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Working collaboratively bodes well for the future

There are numerous ways in which patients and the public can become involved in testing treatments.

As we have already outlined, they may be the prime movers – the ones who identify the gaps in understanding and the need to find new ways of doing things.

Their input may be facilitated by researchers; they may be involved in some stages of the work but not others; they may be involved from the moment of identification of a specific uncertainty that needs addressing through to dissemination and implementation, and incorporation of the project’s findings in an updated systematic review; and they may be involved in different ways within one project.

Sometimes they initiate the work themselves.

There is no hard and fast rule: the appropriateness of different strategies and approaches in a particular study will dictate those strategies chosen. As the localized prostate cancer trial described above illustrates, methods are evolving all the time – even within the course of a project.

When patients and researchers work together they offer a powerful combination for reducing treatment uncertainties for the benefit of all. Various methods for enabling this joint working, suited to individual studies as appropriate, with endorsement and support from national research organizations, bode well for the future.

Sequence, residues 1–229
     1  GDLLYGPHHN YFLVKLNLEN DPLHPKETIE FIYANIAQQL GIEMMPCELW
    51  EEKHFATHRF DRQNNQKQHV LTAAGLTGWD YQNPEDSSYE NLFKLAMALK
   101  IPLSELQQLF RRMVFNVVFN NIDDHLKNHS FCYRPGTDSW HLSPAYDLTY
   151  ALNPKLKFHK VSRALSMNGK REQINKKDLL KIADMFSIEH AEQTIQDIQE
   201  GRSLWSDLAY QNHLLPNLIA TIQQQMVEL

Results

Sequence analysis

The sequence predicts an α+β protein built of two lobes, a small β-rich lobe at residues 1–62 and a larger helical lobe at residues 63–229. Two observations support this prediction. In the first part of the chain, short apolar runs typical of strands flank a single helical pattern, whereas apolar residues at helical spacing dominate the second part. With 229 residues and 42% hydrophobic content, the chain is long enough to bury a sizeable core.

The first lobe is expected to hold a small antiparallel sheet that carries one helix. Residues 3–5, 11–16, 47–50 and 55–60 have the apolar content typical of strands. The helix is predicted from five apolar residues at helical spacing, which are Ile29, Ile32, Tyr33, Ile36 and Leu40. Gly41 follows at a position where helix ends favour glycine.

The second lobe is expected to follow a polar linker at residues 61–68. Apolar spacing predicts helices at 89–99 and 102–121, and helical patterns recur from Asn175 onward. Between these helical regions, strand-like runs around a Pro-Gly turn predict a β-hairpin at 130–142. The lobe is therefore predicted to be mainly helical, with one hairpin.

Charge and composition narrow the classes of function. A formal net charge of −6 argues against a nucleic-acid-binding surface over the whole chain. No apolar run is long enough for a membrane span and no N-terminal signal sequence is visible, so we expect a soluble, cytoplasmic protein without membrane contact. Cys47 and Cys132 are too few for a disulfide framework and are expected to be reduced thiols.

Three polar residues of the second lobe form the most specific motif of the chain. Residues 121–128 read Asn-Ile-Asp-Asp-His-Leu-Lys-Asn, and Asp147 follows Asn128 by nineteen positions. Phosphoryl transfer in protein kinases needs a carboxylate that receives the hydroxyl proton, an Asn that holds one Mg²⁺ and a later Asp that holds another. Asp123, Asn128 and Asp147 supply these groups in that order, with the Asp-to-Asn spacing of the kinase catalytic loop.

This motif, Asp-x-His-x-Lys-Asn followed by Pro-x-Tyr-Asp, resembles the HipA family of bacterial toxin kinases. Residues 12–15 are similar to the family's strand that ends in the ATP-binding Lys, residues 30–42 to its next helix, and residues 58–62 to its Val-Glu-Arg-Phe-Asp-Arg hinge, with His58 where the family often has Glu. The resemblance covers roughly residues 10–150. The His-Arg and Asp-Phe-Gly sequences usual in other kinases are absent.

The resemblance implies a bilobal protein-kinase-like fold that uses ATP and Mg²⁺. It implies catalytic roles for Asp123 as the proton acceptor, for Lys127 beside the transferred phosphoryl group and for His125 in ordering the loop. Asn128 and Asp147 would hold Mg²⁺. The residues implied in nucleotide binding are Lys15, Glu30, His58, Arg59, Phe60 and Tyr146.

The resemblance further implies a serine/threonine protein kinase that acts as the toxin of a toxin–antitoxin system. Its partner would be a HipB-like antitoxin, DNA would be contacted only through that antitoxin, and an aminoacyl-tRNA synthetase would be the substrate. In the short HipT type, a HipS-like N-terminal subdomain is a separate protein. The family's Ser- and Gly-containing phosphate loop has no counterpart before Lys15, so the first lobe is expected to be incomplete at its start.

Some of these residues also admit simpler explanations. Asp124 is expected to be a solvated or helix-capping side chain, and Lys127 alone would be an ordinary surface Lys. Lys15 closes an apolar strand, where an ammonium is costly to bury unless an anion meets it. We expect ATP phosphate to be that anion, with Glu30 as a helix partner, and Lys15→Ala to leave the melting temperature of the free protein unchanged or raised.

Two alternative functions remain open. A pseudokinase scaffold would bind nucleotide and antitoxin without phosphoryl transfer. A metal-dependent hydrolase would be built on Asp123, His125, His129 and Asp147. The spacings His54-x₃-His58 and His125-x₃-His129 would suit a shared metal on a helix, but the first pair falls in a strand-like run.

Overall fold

Review of the Key points

  • Patients and researchers working together can help to identify and reduce treatment uncertainties
  • Input from patients can lead to better research
  • Patients sometimes inadvertently jeopardize fair tests of treatments
  • Relationships between patients’ organizations and the pharmaceutical industry can result in distorted information about treatment effects
  • To contribute effectively, patients need better general knowledge about research and readier access to impartial information
  • There is no one ‘right way’ of achieving collaborative participation in research
  • Patient participation should be appropriate for the specific research purpose
  • Methods of involving patients are continually evolving

MoreReferences (Section 11)

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